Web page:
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Fruity-sweet, yummy and brimming with vitamins: Raspberries are an invigorating snack and are easy to clean. If you avoid these mistakes in raspberry care, nothing stands in the way of a rich harvest.
Error 1: The wrong location
Raspberry care starts with the location. Because on inappropriate soil raspberries have no desire to grow. They love loose, deep and above all humus rich soil. The soil may be slightly acidic with pH values between 5.5 and 6. Raspberries, on the other hand, hate very loamy or bewildered soil, where fungal diseases of roots and shoots do not take long to wait.
In the garden, raspberries prefer a loose, humus-rich soil and a trellis on which they can be led upwards
If you have clay soil, you do not have to do without raspberries. Improve the planting position with ripe compost 1: 1 and use a good amount of coarse sand if possible. Raspberries ideally grow in rows and with tendons of tensioned wire.
Error 2: The missing mulch layer
Mulch not only helps in the perennial flowerbed, but also in raspberry care. As original forest dwellers, raspberries love a loose litter layer on the soil surface. The several centimeters thick mulch layer of slightly dried grass clippings, mulch or straw simulates the natural leaf fall in the forest. Straw or coarse bark mulch should only be distributed in conjunction with horn shavings to provide the soil with sufficient nitrogen and to prevent a deficiency.
A layer of Mulcherde protects the raspberries from drying out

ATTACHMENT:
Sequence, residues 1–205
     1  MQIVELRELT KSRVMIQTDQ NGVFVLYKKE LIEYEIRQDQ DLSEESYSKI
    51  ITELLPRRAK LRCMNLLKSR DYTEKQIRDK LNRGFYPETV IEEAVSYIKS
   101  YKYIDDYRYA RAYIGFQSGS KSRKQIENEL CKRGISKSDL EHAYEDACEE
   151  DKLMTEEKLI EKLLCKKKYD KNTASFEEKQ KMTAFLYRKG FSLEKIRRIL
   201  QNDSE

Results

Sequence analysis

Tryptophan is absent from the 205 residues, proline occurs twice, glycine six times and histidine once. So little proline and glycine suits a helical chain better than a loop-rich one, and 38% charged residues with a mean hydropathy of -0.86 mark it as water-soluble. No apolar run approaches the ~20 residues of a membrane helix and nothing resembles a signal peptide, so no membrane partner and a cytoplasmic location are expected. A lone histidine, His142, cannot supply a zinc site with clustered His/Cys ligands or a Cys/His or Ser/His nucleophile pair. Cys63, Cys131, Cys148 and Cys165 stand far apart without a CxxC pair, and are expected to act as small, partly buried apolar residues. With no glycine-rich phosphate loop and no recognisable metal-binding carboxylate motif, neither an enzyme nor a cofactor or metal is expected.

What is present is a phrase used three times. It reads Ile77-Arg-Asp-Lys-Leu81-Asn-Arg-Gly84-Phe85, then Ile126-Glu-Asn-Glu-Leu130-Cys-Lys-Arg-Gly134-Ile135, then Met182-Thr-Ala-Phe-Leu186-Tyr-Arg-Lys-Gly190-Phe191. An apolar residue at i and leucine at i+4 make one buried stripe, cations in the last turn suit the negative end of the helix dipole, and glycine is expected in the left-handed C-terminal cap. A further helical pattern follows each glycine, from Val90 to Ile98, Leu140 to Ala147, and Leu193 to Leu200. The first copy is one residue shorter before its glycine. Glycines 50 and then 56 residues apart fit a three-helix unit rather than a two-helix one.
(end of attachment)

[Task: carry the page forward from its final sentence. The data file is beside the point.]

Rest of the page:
Raspberries also help soil organisms: mulch acts like a parasol, keeping the soil moist and soil life in good spirits. Perfect, because raspberries are rooted very flat, deeper and thus water-rich soil layers are unattainable for them. Mulch, however, does not prevent annoying weeds, seeds are still germinating and mulch is not a serious barrier to root weeds. However, you can freshly germinated weeds and young plants easily pull out of the loose mulch material.
Error 3: The wrong cut
The biggest mistake is not to cut your raspberries and just let them grow wild. There are two variants: summer and autumn raspberries. The raspberry care is the same for both, the varieties differ only in their harvest time.
Summer raspberries also bear on this year's two-year-old shoots and autumn raspberries. Each year, both varieties form a whole sweep of new shoots growing directly from the plant base. For summer raspberries, leave only six to eight rods per plant, the rest will come off and be cut just above the ground. Important: Leave two-year-old shoots, otherwise the harvest will be canceled next year. With autumn raspberries, the cut is a bit rougher, you can cut off all the rods near the ground. The right time to cut is after the harvest, ie summer raspberries in August and autumn raspberries on mild winter days.
Summer raspberries (left) are traditionally cut in August, autumn raspberries (on the right) on mild winter days
When it comes to raspberry care, you always have to deal with the raspberry beetle, which makes the juicy fruits maggot and already lays its eggs in the flowers. The hatched maggots then eat their way through the fruit and make them unappetizing. Wherever the beetles strike according to experience, it is best to plant autumn raspberries, because they are insensitive. If they bloom from mid-July, the beetle with his family planning is long gone and does not remember about the flowers.